450 Words: Steel CityWednesday, September 8, 2010 | 3:00 PM
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No, Kevin Windham hasn’t won any national championships in his long and illustrious motocross career. He has finished second something like 97 times. But what really has defined Windham, more than his runner-up championship finishes, is that he has spent all 16 years of his racing career being the guy who, on literally any given day, could win. He did it at the Charlotte Supercross, winning the 250cc class when he was still racing full-time in the 125cc class (something no one has since been able to duplicate). He has done it time after time over the years.
An early crash in moto one dropped Ryan Dungey out of the competition.
Photo: Steve Cox
However, even knowing that Windham can win at any time, very few people expected it at Steel City when Ryan Dungey was looking absolutely unstoppable (he won the previous nine AMA Nationals this season prior to Steel City) and Windham was having trouble lasting a whole moto.
But in moto one at Steel City, Dungey started near the front, but didn’t last the whole lap before he fell and reportedly damaged his front-brake rotor, eventually dropping him out of the moto after he pulled into the pits to have it checked out.
Brett Metcalfe quickly took over the lead on the opening circuit and just up and split. He was gone. But Windham fought his way into second and then caught a second lucky break (after Dungey dropping out) when Metcalfe stalled it. He was back going again quickly, but in second, behind Windham.
And this is where Windham’s cunning came in yet again: He didn’t have Metcalfe’s speed because he got some arm-pump, and Metcalfe passed him back. But Windham relaxed and waited. He was patient. And when he got the feeling back in his right arm, he went back after Metcalfe and made the pass stick with only a lap or so to go.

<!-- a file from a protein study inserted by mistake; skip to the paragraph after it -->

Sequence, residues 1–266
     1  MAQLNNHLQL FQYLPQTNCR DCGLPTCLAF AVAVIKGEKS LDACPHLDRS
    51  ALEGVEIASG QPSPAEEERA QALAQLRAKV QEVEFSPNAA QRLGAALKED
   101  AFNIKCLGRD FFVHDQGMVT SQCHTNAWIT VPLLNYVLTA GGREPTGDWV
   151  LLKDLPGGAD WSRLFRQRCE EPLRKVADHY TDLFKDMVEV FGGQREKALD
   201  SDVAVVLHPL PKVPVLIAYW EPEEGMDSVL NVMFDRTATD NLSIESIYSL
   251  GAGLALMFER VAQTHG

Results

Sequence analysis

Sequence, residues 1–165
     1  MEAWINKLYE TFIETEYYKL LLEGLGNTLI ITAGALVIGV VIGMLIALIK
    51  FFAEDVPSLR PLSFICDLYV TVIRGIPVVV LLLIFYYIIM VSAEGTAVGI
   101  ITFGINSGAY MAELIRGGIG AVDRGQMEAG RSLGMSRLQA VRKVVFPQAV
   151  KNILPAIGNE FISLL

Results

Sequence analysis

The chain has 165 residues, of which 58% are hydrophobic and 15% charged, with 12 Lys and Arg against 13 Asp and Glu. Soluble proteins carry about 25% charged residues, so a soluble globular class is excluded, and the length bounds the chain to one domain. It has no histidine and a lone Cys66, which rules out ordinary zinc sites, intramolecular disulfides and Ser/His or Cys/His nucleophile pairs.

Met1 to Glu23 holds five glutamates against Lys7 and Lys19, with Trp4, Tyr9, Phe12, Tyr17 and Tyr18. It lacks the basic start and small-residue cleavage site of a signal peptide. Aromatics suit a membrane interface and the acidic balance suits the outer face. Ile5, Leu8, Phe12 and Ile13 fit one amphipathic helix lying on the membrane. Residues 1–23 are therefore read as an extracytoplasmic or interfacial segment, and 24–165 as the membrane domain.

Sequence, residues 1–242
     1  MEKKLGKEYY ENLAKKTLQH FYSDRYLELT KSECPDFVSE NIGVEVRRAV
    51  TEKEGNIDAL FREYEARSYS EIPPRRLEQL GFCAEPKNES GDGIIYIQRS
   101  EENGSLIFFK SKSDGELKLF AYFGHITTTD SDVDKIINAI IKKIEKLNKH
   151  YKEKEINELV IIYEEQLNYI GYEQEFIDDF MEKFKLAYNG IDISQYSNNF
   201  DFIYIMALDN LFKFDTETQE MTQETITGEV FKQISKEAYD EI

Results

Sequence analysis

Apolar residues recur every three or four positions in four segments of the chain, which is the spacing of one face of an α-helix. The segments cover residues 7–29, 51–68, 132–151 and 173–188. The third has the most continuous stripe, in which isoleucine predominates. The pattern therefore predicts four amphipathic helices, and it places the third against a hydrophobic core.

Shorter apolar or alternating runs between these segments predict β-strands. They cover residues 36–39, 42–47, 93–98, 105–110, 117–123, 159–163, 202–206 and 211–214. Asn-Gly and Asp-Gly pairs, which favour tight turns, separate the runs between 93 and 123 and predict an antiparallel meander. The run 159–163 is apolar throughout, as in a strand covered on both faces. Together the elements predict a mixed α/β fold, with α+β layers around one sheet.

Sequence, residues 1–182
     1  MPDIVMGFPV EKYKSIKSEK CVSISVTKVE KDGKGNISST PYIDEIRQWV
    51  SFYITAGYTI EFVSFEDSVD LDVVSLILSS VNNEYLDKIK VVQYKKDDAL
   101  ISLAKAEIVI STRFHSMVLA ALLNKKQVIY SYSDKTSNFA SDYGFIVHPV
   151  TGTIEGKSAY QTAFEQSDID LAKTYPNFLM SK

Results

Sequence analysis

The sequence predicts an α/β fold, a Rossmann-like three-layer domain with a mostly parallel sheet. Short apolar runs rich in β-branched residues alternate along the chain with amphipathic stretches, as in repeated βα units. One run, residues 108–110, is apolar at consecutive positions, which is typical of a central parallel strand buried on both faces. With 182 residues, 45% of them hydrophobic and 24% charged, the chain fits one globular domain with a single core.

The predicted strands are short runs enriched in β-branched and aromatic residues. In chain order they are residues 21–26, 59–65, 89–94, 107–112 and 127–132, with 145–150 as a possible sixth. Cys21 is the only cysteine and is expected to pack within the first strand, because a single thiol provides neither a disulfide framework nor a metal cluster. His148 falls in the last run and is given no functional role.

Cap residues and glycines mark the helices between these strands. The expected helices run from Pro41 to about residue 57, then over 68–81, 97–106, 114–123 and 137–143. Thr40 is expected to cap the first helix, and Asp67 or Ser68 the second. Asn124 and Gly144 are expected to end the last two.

On a bike with very little testing time (comparatively speaking) that he hasn’t ridden all year until the last few Nationals (his GEICO bike is entirely different), Windham won a national moto after only a few tries.
And in moto two, it’s not to say that he "let" Ryan Dungey beat him, but Windham did know that he didn’t have to beat Dungey to win the overall.
Somehow, Kevin Windham keeps surprising us. It shouldn't really be a surprise anymore.
Photo: Steve Cox
Windham has been racing as a professional for 16 years, and although he likes to talk about how he’s "old" now and all that, the reality is that his win at Steel City was really a culmination of his 16 years of racing experience. He won because of his age, essentially, not in spite of it. One has to wonder how it would’ve been had Dungey – who was four years old when Windham turned pro – not dropped out of moto one.
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